Thursday, February 25, 2010

Is the Name of the Michigan "FairTax" a Sham?

In response to Facebook postings:

  1. David A. Dudenhoefer February 23 at 11:33pm Reply This is timely as some hacks in our state are pushing this "fair-thief" tax” and

  2. Tony DeMott’s Facebook posting: “The Fair Tax simply changes who is the tax collector. It turns small businesses into tax collectors. The Consumer will still end up paying all the taxes. The tax burden will not be lowered at all. Michigan citizens care about lowering the tax burden, not who the tax collector is. The Fair Tax is a sham and if you believe our government is too big, too intrusive, and too oppressive, you should oppose this sham”

I respectfully disagree. But first, let me make clear that I totally agree that there are a lot of costs that can and should be cut out of government spending, both at the state and federal levels. Any serious look at my Facebook and blog postings would confirm that. Second, I am opposed to many of the government interventions into our economy and personal lives which go well beyond the limited government our Founding Fathers envisioned. So, I am onboard with the concept endorsed in Michigan by the Business Coalition that we must get the spending reforms first, then we can tackle the tax structure.

I also agree that the name “FairTax” is a misnomer, as any tax system is a transfer of wealth from somebody to government for transfer to someone else, and so will never be “fair”, whatever that means. But, it is a piece of the marketing of the FairTax idea, and I can understand that. A proposal needs to be evaluated on its content, and not by its name.

Having said that, now it is important to realize that taxation in one form or another is a reality, and one that is not likely to change. So, if we are to be taxed, the questions are, “What taxing mechanism is best? On what criteria should we judge a tax system?” In other words, one can distinguish between (1) the tax level, i.e., the total amount of taxes collected and (2) the taxing mechanism or structure.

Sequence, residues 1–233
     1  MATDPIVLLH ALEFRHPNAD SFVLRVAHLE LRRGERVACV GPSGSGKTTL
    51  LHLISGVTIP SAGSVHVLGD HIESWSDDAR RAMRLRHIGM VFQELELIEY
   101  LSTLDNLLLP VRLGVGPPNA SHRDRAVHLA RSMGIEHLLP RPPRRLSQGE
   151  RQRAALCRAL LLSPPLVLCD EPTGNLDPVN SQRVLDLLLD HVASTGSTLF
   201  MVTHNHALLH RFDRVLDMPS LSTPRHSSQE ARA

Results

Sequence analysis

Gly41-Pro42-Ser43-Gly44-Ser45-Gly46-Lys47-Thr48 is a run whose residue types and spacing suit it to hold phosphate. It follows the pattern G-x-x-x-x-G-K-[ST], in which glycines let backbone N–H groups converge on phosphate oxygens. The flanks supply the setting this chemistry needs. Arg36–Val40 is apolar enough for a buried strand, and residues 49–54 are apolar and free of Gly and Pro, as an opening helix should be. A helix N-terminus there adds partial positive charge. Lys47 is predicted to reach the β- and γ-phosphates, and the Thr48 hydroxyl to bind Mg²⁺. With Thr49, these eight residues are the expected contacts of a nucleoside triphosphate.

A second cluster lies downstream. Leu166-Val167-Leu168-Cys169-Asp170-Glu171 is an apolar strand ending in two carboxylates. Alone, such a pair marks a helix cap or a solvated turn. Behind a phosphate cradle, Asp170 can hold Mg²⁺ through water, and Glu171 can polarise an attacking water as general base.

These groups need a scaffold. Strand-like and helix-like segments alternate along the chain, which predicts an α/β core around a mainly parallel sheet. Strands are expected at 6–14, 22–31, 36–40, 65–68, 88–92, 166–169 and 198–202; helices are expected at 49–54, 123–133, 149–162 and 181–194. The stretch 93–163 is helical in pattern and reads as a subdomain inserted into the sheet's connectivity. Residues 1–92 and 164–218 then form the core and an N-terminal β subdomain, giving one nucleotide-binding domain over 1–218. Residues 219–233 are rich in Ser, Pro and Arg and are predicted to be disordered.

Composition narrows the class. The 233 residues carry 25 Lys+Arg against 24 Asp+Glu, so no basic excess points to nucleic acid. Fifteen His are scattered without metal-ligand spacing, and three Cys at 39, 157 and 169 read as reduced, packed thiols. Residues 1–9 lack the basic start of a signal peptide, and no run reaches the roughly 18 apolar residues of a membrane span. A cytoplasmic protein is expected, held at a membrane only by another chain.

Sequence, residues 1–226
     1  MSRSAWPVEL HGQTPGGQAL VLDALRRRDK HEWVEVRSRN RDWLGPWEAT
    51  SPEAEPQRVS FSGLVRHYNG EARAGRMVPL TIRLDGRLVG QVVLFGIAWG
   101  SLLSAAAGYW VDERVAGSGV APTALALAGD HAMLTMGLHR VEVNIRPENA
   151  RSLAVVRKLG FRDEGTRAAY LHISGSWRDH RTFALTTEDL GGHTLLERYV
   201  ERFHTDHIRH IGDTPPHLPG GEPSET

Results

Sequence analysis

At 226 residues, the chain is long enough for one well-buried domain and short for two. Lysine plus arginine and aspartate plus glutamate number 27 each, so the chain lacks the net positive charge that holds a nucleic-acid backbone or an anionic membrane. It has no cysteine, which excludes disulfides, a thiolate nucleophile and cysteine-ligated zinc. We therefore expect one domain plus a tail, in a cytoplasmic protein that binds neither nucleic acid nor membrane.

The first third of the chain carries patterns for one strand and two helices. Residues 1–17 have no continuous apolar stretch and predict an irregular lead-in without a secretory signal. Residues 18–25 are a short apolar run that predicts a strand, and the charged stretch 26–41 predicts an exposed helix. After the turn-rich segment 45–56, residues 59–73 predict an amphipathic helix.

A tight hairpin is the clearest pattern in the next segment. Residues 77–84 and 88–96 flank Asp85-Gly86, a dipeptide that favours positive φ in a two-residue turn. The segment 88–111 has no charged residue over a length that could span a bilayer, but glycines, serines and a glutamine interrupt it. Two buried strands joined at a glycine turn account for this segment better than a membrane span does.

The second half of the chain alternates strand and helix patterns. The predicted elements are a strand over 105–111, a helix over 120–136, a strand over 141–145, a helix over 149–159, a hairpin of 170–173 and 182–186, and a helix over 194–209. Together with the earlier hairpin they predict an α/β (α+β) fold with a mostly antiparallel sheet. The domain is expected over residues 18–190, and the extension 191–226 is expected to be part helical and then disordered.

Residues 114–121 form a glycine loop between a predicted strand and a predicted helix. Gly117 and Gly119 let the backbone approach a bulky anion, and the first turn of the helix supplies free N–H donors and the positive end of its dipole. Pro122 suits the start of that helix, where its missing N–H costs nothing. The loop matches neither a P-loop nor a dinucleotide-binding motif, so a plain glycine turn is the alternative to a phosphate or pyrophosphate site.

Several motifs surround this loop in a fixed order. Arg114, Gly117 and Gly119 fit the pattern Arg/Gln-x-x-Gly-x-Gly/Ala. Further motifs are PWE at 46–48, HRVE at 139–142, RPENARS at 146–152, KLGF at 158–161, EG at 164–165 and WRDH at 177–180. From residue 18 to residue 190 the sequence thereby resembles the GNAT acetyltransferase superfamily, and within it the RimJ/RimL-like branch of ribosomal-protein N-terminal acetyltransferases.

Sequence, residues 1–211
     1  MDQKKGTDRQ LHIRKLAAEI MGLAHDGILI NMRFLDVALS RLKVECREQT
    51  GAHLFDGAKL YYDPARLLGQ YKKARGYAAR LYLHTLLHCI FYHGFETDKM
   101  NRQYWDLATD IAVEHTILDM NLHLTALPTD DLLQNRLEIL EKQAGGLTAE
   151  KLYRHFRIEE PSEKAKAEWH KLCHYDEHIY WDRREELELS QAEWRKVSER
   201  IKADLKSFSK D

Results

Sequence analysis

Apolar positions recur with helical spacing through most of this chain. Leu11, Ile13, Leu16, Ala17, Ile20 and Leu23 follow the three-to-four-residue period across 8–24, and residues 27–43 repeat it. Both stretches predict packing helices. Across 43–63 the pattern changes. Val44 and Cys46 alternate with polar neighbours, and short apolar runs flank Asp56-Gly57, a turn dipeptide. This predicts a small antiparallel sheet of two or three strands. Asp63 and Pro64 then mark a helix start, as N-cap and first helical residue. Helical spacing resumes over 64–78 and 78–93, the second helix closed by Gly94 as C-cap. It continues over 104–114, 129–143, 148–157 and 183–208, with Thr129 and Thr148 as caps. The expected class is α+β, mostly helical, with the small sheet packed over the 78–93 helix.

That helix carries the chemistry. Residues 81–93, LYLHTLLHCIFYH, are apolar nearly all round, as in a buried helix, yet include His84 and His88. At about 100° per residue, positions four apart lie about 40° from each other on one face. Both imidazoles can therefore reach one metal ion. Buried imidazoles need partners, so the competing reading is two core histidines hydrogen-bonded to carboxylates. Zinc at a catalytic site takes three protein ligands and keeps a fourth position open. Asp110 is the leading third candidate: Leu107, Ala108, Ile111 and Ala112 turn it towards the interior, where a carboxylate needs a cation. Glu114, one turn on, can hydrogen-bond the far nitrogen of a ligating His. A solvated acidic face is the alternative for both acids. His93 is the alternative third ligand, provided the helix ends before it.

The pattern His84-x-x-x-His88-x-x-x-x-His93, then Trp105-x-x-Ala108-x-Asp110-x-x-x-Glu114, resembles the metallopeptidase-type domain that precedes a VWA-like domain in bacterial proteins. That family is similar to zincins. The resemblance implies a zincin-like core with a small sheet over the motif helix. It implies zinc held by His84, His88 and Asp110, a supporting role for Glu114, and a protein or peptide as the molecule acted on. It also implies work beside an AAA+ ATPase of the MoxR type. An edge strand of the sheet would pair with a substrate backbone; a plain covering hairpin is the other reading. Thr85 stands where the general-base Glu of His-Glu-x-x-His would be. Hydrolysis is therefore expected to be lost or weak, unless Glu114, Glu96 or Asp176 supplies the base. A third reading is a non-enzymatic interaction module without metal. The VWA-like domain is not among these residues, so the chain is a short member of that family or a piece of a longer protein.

It does matter what tax system is in effect, as different tax systems have different secondary or indirect effects. For example, economists will tell you that a business is a tax collector, and not a “taxpayer”, as the indirect impacts are: higher prices, lower wages to its workers, lower dividends to its owners, or fewer jobs, or some combination of these impacts. The consumer ultimately pays. Different tax schemes have different impacts, some which distort the free market economy more than others. An income tax, for example, discourages earning, savings and investing. With different direct and indirect impacts, it therefore does matter what tax system we use – given that we will have some tax system.

A consumption tax is one that distorts the free market the least, although even a consumption tax discourages consumption, and therefore lowers prices, and therefore less is produced in a free market society, in effect, lowering the standard of living in the society. Is it perfect? No. No tax system is. I just see it as better than the current tax system, whether it be called a “consumption tax”, “FairTax”, or whatever.

It also matters how easily a tax can be increased, as the easier it is to raise a tax, the more likely the politicians will raise it. The visibility of a tax is one deterrent to a tax being raised. Contrary to the claim that the FairTax would be hidden, it would be incredibly visible, paid on each purchase, and far more visible than an alternative I fear will be proposed to raise more revenue at the federal level – the Value Added Tax, which is collected at each level of production and hidden in the final price of a product.

I further disagree with the use of David’s term of calling those who support the FairTax as “hacks”. I understand the tactics espoused by Saul Alinsky in his book “Rules for Radicals” that calling people names is a good tactic for radicals. I believe it is offensive, however, when used against friends who happen to disagree with you on some point. Fact is, none of us will ever agree 100% with anyone else. Maybe I am too willing to leave the name calling to the radicals who we jointly oppose, but us freedom lovers should look to find common ground amongst us, rather than look to tear us apart. No one group in the “liberty” movement has a monopoly on patriotism.

Respectfully, your friend,


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